8:00 AM EST, January 20, 2014
Three years ago, the vicious attack on 22-year-old Chrissy Lee Polis by two teens at a Rosedale McDonald's that was captured on video and viewed by hundreds of thousands of people raised awareness of transgender people and of the ignorance, hostilities and challenges they often face. One year later, Baltimore County approved an ordinance that protects the rights of people like Ms. Polis from being discriminated against — joining Baltimore City and Howard and Montgomery counties, which offer similar protections.
Why aren't these safeguards enforced statewide? Because for all the self-congratulatory talk in Annapolis about how progressive Maryland has shown itself to be on issues of equality and equal rights in recent years, the state legislature has so far failed to approve such a measure — although 17 other states and the District of Columbia do have transgender rights laws on their books already.
The General Assembly has an opportunity to make amends this year. A bill to outlaw discrimination against individuals on the basis of gender identity was introduced recently by state Sen. Richard Madaleno and has the backing of some prominent Democrats, including Gov. Martin O'Malley. A similar proposal passed the House of Delegates two years ago but was defeated in the Judicial Proceedings Committee, most recently by a one-vote margin in 2013.
That Maryland is in the midst of an election year in 2014 should help that effort. The influential LGBT advocacy group Equality Maryland has made the legislation a top priority, and it has drawn support from all three of the major candidates running for governor in the Democratic primary: Lt. Gov. Anthony Brown, Attorney General Douglas Gansler and Del. Heather Mizeur. Maryland voters have shown a strong preference for equal rights with their overwhelming endorsement of same-sex marriage in 2012.
Even the Do-Nothing Congress has demonstrated an interest in the subject. Last November, the U.S. Senate approved a bill that would ban employment discrimination on the basis of sexual orientation and gender identity by a 2-to-1 margin. Maryland's proposal goes further to include housing and public accommodation, but how embarrassing is it that the U.S. Senate would show itself to be more open-minded and compassionate than its Maryland counterpart?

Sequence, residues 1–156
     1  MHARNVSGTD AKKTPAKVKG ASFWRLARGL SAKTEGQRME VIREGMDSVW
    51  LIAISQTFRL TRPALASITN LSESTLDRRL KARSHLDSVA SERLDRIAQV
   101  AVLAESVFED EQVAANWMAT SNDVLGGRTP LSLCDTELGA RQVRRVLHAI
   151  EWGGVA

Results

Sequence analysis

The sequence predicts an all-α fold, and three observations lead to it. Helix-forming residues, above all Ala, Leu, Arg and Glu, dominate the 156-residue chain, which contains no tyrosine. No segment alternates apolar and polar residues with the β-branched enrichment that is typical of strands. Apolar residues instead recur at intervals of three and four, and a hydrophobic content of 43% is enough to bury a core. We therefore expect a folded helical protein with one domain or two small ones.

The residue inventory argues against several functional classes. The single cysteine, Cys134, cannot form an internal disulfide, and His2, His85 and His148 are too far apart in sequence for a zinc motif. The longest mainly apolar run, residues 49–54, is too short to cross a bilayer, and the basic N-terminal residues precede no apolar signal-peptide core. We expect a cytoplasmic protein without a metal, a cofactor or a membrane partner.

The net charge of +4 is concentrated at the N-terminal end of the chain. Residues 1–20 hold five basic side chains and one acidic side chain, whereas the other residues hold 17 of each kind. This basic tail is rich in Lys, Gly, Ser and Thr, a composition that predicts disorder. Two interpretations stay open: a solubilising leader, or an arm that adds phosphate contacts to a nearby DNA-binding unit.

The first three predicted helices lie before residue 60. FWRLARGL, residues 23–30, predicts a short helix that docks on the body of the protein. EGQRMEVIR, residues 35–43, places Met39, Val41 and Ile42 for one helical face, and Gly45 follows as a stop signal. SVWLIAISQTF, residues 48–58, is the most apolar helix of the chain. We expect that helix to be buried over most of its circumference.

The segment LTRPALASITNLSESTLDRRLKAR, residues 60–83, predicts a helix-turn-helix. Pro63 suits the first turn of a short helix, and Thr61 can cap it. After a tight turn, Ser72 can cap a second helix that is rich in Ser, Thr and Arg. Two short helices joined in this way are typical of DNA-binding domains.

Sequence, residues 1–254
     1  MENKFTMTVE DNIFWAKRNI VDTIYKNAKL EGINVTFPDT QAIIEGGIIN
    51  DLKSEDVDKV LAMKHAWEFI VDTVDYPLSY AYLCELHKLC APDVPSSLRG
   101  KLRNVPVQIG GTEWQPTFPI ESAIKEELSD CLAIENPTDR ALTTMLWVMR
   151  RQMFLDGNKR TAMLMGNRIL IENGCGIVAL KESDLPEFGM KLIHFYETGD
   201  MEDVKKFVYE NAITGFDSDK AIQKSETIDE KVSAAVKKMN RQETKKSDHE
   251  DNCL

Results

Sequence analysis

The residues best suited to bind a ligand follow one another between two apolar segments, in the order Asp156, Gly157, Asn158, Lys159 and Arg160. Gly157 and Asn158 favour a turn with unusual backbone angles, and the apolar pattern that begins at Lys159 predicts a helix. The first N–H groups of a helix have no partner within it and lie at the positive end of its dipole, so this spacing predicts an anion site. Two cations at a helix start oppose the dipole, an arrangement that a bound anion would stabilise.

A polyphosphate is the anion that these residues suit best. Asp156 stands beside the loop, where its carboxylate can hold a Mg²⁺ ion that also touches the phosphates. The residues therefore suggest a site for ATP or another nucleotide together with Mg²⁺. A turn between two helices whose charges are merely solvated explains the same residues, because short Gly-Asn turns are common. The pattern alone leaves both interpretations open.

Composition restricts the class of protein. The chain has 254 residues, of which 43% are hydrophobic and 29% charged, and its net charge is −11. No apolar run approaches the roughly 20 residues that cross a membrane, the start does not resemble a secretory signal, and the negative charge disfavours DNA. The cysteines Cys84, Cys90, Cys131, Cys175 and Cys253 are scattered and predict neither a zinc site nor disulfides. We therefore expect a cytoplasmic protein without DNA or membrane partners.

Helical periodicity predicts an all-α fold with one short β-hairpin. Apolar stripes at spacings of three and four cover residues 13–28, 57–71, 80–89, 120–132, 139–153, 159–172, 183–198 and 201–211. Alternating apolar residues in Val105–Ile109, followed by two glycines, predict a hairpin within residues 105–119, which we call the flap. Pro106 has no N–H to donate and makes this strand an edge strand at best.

Like marriage equality, this is a civil rights issue. Beatings in fast-food restaurants are not the only hardships transgender individuals face. A 2009 survey found 18 percent of transgender Marylanders had lost a job because of gender identity, and 42 percent had suffered some adverse job action over it. More than half reported being harassed in public accommodations like restaurants, movie theaters and stores. Seventeen percent said they've been denied an apartment or home because they are transgender.
This is not how a civil society should treat people who do not identify with the gender they were assigned by genetics. The circumstances of such individuals can vary widely, but regardless, they ought to be given the rights afforded everyone else — to be judged in the workplace by their qualifications, abilities and performance in their chosen field, for instance — and not by gender distinction.
Like the issue of same-sex marriage, this is not a matter of special rights given an individual or group but one of resisting discrimination. It is unconscionable that doctors can deny treatment to someone based on gender identity or that a landlord could refuse to rent an apartment to, or a department store decline to admit, that same person. But without an anti-discrimination law, such individuals have no choice but to suffer intolerance and bias.
One year ago, Maryland witnessed its first same-sex wedding, and it was cause for celebration. The tidal wave of change and enlightenment has continued to sweep across the country, most recently with a federal judge's ruling that Oklahoma's ban on same-sex marriage is unconstitutional. Transgender rights should not be far behind. People like Chrissy Lee Polis should be able to live without fear and be productive members of society. That the Maryland General Assembly has so far failed to support that cause by banning discrimination on the basis of gender identity is shameful. Let corrective action be a high priority for all legislators and not just LGBT advocates and Democratic candidates for governor.
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